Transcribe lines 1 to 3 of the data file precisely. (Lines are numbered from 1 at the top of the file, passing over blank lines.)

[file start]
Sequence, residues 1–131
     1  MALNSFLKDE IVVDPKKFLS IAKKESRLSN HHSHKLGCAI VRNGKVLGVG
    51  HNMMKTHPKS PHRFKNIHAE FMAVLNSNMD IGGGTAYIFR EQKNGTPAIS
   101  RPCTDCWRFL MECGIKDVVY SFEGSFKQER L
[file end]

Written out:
Sequence, residues 1–131
     1  MALNSFLKDE IVVDPKKFLS IAKKESRLSN HHSHKLGCAI VRNGKVLGVG
    51  HNMMKTHPKS PHRFKNIHAE FMAVLNSNMD IGGGTAYIFR EQKNGTPAIS